The Hughes XF-11 experimental twin-engined, twin-boom photo-reconnaissance aircraft, which had contra-rotating propellers, crashed on its maiden flight, seriously injuring Hughes.
The XF-11 was a candidate for a military contract.
On July 7,1946, Hughes took his XF-11 reconnaissance airplane on its first flight. Though photographed in the plane just before the test, he intended the flight to be secret. The contra-rotating props developed problems, and the plane crashed, seriously injuring Hughes. Full power. Release brakes. Rolling. Lifting off. Climbing. Everything perfect. Power reduction. Right props slip into reverse pitch. Fierce asymmetric thrust (one second). Feathering in-op (two seconds). Try to hold heading (three seconds). Back on right, full power on left (four seconds). No good, back on both (five seconds). Crash.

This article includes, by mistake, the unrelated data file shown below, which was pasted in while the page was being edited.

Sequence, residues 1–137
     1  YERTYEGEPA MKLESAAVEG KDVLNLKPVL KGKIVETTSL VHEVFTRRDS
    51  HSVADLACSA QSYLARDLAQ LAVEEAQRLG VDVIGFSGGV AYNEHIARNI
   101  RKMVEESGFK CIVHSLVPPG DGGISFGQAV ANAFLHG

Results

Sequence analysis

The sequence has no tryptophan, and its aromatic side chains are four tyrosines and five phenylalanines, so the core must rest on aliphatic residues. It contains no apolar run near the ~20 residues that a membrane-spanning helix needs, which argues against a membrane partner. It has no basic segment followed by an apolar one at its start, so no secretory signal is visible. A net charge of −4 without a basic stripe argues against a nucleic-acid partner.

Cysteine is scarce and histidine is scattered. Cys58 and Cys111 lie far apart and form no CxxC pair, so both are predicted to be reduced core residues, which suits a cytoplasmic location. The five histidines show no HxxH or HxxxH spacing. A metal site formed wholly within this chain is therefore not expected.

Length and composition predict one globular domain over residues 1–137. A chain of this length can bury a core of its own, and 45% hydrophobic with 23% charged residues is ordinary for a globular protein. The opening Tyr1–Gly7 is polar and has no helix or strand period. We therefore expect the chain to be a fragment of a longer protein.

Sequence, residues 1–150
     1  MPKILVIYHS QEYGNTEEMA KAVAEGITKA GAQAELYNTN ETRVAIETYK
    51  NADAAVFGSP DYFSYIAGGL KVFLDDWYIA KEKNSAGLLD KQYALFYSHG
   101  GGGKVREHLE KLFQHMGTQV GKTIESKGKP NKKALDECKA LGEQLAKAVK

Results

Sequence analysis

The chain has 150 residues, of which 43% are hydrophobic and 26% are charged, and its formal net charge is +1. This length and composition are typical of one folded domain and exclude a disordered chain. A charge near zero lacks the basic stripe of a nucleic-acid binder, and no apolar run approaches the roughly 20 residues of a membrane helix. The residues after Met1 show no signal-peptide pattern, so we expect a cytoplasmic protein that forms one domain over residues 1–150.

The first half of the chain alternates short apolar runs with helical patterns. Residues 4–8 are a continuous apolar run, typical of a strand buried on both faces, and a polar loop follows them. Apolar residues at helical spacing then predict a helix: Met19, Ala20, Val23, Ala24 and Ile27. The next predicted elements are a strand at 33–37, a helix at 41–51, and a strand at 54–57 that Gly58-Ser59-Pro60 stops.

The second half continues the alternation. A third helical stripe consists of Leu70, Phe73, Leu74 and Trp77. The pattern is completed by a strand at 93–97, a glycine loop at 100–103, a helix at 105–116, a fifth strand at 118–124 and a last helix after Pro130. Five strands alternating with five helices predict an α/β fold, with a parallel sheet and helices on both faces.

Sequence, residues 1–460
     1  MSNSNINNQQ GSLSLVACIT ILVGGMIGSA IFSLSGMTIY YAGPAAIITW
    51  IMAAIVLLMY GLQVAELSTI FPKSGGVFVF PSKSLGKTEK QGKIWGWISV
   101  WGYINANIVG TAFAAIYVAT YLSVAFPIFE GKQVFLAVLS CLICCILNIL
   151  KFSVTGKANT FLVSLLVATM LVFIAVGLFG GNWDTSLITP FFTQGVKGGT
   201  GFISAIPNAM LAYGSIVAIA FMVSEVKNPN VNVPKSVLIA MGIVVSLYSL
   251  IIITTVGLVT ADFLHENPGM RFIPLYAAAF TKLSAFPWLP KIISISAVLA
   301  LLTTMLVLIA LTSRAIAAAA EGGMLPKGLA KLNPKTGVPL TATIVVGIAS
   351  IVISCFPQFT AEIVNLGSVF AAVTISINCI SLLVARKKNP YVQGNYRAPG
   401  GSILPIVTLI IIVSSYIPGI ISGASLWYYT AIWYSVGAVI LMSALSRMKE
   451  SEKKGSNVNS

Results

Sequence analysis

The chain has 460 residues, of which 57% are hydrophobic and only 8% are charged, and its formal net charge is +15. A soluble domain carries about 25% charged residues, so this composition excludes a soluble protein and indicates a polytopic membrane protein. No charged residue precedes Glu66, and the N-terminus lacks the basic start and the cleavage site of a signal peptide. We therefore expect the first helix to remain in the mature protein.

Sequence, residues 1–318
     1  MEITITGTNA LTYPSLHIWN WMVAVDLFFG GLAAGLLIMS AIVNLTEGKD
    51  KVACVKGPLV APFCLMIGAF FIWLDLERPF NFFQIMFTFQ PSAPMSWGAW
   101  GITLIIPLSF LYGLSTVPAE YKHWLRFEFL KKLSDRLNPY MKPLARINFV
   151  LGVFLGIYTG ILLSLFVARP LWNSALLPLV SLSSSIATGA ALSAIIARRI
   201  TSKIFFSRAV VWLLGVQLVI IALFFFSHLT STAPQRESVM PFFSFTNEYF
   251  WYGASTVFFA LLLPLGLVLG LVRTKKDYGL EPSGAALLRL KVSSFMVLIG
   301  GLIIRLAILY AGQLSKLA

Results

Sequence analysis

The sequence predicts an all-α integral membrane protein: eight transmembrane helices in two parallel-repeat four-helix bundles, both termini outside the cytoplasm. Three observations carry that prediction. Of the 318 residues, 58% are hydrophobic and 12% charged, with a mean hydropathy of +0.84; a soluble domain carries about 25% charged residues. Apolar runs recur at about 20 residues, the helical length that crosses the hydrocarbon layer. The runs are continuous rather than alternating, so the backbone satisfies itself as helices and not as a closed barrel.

On April 15, 1947, Hughes successfully test-flew a second version of the XF-11, this one with single-rotation airscrews, and personally conducted most of the test program.